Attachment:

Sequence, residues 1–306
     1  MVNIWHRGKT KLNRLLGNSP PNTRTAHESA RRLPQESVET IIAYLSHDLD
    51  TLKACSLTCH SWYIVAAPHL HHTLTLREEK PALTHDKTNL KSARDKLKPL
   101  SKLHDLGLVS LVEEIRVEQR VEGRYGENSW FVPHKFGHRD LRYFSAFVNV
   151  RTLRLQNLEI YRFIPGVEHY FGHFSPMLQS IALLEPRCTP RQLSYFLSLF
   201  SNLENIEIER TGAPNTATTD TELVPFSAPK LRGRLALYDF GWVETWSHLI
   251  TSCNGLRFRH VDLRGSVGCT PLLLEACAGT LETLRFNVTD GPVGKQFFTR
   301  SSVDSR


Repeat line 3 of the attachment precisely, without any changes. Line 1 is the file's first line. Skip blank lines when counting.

    51  TLKACSLTCH SWYIVAAPHL HHTLTLREEK PALTHDKTNL KSARDKLKPL